PML: www.publicmissiles.com


Quote:

> > My personal rule of thumb is anything 2.5 calibers or above.



> > > What is considered substantial overstability?

> It's not so simple...

> Rockets with a relatively large ratio of body planform area to
> fin area may need much greater CP-CG margins since the
> CP moves froward substantially on these rockets, especially
> if they are of the long-and-skinny type.  Look at my article
> in the latest Sport Rocketry, "What Barrowman Left Out"
> It shows a rocket with over 10 calibers of stability margin
> that went unstable at a CMASS launch and explains why
> this could happen.

> I have a PDF version of the article at the CMASS website
> as well..

> http://www.cmass.org/uploads/Robert.Galejs/galejs.html

> For "normal" rockets your rule of thumb is probably a
> good one.

> - Robert Galejs

 
 
 

Over Stable?

Post by Jerry O'Sulliva » Thu, 08 Jul 1999 04:00:00


Quote:
>> Rockets with a relatively large ratio of body planform area to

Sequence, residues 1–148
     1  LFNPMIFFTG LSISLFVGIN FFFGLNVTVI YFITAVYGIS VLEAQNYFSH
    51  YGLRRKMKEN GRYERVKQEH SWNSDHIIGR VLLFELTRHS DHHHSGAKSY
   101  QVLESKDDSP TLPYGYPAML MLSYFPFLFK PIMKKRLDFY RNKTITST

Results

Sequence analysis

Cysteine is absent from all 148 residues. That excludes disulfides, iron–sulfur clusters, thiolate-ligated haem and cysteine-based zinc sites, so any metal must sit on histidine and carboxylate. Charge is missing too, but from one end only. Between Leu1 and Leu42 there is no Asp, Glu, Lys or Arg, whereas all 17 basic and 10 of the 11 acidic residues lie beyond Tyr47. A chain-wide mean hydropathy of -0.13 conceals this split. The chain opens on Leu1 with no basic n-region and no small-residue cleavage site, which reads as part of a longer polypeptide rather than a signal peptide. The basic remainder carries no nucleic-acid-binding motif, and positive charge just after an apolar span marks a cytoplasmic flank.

>> fin area may need much greater CP-CG margins since the
>> CP moves froward substantially on these rockets, especially
>> if they are of the long-and-skinny type

The CP moves forward??

I thought that was a fixed point determined by fin geometry.

Jerry

 
 
 

Over Stable?

Post by Robert Galej » Thu, 08 Jul 1999 04:00:00


Quote:

> >> Rockets with a relatively large ratio of body planform area to
> >> fin area may need much greater CP-CG margins since the
> >> CP moves froward substantially on these rockets, especially
> >> if they are of the long-and-skinny type

> The CP moves forward??

> I thought that was a fixed point determined by fin geometry.

> Jerry

The CP location is a function of the rocket angle-of-attack (AOA).